• Conventional surgery removes the central part of the AVM while causing as little harm as possible to surrounding tissues. Doctors may consider this if the AVM is relatively small and is close to the surface rather than in a deep region.
  • Endovascular embolism involves a doctor creating an artificial blood clot in the center of an AVM to stop blood from flowing around it. It does not destroy the AVM, so doctors may use it with surgery or radiosurgery to decrease blood flow through the AVM.
  • Radiosurgery is an approach for treating small, unruptured AVMs. A doctor focuses a beam of radiation directly on the AVM, which damages the walls of the blood vessels making up the lesion. Over the following months, the blood vessels that received the radiation gradually deteriorate and close.

If the AVM is in a location that is hard to reach or target with treatments, doctors may suggest conservative management using only medications.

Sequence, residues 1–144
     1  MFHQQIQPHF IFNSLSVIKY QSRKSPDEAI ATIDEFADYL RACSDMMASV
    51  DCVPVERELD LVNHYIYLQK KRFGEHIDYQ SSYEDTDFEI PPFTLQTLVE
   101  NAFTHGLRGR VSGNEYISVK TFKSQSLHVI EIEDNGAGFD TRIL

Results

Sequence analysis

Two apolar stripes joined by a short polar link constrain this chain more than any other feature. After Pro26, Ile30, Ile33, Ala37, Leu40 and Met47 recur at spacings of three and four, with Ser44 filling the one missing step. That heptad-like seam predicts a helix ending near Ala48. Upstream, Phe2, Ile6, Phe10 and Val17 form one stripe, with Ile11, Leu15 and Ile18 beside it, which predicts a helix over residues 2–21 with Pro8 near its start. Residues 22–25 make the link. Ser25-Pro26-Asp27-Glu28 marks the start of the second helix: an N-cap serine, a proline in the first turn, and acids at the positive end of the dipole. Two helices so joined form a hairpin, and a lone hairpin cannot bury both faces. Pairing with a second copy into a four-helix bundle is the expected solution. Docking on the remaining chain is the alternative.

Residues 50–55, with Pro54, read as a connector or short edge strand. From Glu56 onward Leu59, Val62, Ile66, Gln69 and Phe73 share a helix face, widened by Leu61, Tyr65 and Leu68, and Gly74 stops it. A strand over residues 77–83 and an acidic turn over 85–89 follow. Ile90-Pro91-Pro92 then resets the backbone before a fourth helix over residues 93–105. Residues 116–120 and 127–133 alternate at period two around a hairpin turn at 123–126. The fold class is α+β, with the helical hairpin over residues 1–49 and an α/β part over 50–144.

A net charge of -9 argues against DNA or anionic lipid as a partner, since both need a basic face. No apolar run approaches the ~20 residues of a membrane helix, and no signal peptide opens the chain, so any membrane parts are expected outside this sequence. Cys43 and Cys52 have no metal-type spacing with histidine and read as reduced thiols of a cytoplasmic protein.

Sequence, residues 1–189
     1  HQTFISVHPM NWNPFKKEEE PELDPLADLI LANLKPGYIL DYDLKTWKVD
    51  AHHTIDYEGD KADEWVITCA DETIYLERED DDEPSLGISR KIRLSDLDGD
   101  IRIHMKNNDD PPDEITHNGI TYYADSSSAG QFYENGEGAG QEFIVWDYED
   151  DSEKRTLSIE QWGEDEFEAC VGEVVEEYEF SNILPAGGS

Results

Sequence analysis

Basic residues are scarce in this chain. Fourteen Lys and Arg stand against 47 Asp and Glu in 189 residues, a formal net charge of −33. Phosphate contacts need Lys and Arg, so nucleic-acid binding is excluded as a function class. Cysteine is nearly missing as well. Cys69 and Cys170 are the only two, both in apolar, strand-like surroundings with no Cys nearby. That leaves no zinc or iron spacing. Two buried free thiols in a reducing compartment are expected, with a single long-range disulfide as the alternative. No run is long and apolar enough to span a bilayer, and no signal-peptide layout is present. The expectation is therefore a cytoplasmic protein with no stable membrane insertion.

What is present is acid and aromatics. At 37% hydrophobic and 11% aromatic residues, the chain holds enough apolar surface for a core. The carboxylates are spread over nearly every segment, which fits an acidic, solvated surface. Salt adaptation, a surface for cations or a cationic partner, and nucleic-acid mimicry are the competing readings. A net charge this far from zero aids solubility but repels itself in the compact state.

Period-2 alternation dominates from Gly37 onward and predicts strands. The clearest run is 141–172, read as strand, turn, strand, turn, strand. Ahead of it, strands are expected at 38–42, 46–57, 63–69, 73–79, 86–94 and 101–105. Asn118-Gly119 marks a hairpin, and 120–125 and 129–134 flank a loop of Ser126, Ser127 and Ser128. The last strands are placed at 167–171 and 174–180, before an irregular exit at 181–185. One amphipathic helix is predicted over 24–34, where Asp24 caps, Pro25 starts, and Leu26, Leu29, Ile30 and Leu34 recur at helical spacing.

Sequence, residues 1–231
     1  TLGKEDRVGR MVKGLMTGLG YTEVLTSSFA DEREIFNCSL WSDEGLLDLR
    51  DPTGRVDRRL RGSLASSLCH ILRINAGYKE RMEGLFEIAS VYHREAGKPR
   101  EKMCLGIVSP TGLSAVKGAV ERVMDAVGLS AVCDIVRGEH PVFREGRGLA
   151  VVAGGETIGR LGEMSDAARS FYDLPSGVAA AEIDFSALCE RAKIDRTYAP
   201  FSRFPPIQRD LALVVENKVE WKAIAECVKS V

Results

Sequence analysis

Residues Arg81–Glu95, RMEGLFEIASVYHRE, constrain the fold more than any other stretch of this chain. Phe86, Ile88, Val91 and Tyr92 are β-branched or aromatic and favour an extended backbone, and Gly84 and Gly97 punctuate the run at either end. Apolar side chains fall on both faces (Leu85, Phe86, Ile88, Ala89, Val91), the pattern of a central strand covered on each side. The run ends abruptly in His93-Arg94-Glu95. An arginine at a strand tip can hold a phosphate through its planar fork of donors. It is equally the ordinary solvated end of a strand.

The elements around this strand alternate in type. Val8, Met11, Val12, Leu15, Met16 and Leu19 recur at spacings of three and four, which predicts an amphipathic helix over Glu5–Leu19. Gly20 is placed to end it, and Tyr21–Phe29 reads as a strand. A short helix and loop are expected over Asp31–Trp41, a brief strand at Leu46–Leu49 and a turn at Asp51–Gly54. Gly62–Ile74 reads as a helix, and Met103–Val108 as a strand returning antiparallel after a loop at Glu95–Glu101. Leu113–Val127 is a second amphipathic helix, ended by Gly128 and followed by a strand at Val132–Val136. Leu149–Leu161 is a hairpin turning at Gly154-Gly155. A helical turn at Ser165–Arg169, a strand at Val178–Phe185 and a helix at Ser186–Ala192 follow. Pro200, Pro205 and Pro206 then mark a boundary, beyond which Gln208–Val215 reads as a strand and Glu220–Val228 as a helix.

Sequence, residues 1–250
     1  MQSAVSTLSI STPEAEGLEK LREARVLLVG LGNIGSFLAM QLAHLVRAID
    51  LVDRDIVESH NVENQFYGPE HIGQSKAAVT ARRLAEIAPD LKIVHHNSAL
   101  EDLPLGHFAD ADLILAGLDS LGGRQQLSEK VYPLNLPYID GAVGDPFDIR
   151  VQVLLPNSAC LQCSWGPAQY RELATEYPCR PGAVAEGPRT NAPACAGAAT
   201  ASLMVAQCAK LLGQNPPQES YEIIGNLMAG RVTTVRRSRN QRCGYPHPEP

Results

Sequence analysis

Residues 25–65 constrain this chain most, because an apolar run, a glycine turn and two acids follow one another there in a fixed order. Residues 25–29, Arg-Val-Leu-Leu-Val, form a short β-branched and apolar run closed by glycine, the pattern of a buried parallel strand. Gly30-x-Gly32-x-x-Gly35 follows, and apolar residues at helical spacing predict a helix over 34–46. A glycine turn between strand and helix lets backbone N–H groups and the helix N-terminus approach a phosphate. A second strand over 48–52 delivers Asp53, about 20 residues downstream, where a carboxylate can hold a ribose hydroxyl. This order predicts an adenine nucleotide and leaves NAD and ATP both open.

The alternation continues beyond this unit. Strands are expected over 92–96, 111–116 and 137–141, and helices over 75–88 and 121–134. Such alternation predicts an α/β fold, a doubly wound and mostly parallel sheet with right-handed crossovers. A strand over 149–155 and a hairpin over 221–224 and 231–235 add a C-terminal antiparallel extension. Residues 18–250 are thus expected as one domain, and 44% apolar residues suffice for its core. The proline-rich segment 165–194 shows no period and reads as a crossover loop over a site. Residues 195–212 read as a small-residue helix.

One of the most serious complications of an AVM is bleeding. According to the American Stroke Association, a person with an AVM in the brain has around a 1–3% risk of bleeding per year.

If an AVM in the brain bleeds, the risk of permanent brain damage is 20–30%. The likelihood of death from each bleed ranges from 10–15%, notes the association.

Other complications include swelling or atrophy of the surrounding area.

A person should seek immediate medical attention if they or someone else suddenly experiences:

  • a severe headache
  • weakness in arms or legs
  • balance problems